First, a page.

The University during the Franco Regime

The University during the Franco Regime

Shortly before the end of the Spanish Civil War, Pio Zabala was appointed as the first Rector of the dictatorship. Pio Zabala was responsible for undertaking the new university system. The exile and  purging of faculty members caused a significant decrease in the number of members in the Academic Senate.  Around 40 per cent of the faculty members were affected. The last three rectors under the Republic (José Giral, Fernando de los Ríos and José Gaos) died in exile.

The new Act implemented the Faculty of Veterinary Science (the former School of Veterinary Science dating back to the end of  the  eighteenth century) and the Faculty of Political and Economic Sciences.

Pedro Laín Entralgo was the Rector in Madrid between 1951 and 195In 1943, The Spanish University Planning Act (Ley de Ordenación de la Universidad Española), which was  valid until 1970, drew up a plan for the University under Franco. This plan confirmed the centralization structure of the Spanish university (PhD degrees were  awarded exclusively in Madrid until 1954) and the Rector was appointed as the highest authority of the university by the Government and also  played a broader and more significant role. In addition, the Church was directly  involved in higher education (religion was included in the study programmes) as well as was the army (in charge of physical education) and the Falange (responsible for the compulsory affiliation of students and faculty to the Spanish Students’ Trade Union (SEU) and Spanish Faculty Service (Servicio Español del Profesorado Universitario) respectively).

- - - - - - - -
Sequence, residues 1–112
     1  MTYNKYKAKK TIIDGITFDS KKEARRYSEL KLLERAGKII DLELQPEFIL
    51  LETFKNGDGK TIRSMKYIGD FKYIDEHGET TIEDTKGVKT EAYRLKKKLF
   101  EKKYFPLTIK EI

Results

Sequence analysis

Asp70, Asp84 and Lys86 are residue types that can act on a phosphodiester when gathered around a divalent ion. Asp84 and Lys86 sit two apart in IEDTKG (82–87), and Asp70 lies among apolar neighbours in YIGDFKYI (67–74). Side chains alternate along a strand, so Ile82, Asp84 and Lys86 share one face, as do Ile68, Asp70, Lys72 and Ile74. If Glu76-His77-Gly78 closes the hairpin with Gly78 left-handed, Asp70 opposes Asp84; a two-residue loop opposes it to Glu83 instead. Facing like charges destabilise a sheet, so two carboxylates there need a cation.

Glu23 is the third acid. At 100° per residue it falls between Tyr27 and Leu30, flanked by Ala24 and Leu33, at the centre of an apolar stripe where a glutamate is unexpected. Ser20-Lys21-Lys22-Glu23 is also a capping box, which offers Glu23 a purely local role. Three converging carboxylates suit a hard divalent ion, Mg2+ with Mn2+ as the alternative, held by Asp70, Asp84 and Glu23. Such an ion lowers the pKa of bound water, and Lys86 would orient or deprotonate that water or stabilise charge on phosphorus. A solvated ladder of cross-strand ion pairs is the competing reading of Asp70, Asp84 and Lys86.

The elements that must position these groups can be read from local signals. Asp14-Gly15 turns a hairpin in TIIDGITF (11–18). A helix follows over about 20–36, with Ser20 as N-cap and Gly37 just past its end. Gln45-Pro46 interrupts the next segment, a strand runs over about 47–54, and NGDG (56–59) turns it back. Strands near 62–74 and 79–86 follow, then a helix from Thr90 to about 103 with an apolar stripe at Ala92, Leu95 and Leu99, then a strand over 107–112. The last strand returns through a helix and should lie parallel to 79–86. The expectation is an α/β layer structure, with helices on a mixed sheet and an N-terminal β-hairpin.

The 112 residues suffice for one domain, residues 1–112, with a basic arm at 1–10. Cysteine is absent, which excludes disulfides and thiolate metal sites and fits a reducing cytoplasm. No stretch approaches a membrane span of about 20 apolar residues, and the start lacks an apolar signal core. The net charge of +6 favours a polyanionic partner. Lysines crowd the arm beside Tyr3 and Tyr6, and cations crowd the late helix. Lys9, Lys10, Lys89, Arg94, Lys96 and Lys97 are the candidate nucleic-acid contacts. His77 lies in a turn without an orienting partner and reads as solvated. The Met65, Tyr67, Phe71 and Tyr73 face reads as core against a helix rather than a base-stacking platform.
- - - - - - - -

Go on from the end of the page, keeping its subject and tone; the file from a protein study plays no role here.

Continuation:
6. The rigid supervision over  academic life was slightly attenuated at this time. Laín Entralgo authorized a University Conference of Writers in 1956, at which  a manifesto  written by Javier Pradera, Enrique Múgica and Ramón Tamames, among others, was presented. The maniifesto threatened to break with the  SEU (Spanish Students’ Trade Union) The rising tension led to student demonstrations for the first time since  the Spanish Civil War. Demonstrations took place not only on the University City campus but also in San Bernardo and Alberto Aguilera Streets where the events reached the highest levels of violence. Because of the  riots  the university was shut down,  Lain Entralgo resigned and Franco dismissed the Minister of Education Joaquín Ruiz Giménez

Under Lain’s Government, new schools were established in order to offer studies not included in other Faculties. These schools would eventually turn into Faculties, such as the School of Statistics (1952) and the School of Psychology and Psycho Techniques (1953)

The change of Rector and Minister of Education  constituted a new stage in Spanish education. Budgets crises struck  education in the first period of the Franco regime and  students opted for new ways of social and political participation. The SEU became less popular and ended up disappearing in 1965 when the Minister Manuel Lora Tamayo realized it could no longer  control the protest movement.